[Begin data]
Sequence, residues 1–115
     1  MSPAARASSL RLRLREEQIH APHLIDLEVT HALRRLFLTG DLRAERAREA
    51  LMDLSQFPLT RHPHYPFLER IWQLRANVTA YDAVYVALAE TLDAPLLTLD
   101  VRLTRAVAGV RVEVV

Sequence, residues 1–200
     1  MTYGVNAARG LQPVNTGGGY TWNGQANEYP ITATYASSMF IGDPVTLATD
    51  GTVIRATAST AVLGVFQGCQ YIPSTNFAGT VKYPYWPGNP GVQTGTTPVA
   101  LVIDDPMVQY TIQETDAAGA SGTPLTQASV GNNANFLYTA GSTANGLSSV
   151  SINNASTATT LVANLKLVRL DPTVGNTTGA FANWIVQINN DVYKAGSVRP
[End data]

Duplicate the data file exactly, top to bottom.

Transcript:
Sequence, residues 1–115
     1  MSPAARASSL RLRLREEQIH APHLIDLEVT HALRRLFLTG DLRAERAREA
    51  LMDLSQFPLT RHPHYPFLER IWQLRANVTA YDAVYVALAE TLDAPLLTLD
   101  VRLTRAVAGV RVEVV

Sequence, residues 1–200
     1  MTYGVNAARG LQPVNTGGGY TWNGQANEYP ITATYASSMF IGDPVTLATD
    51  GTVIRATAST AVLGVFQGCQ YIPSTNFAGT VKYPYWPGNP GVQTGTTPVA
   101  LVIDDPMVQY TIQETDAAGA SGTPLTQASV GNNANFLYTA GSTANGLSSV
   151  SINNASTATT LVANLKLVRL DPTVGNTTGA FANWIVQINN DVYKAGSVRP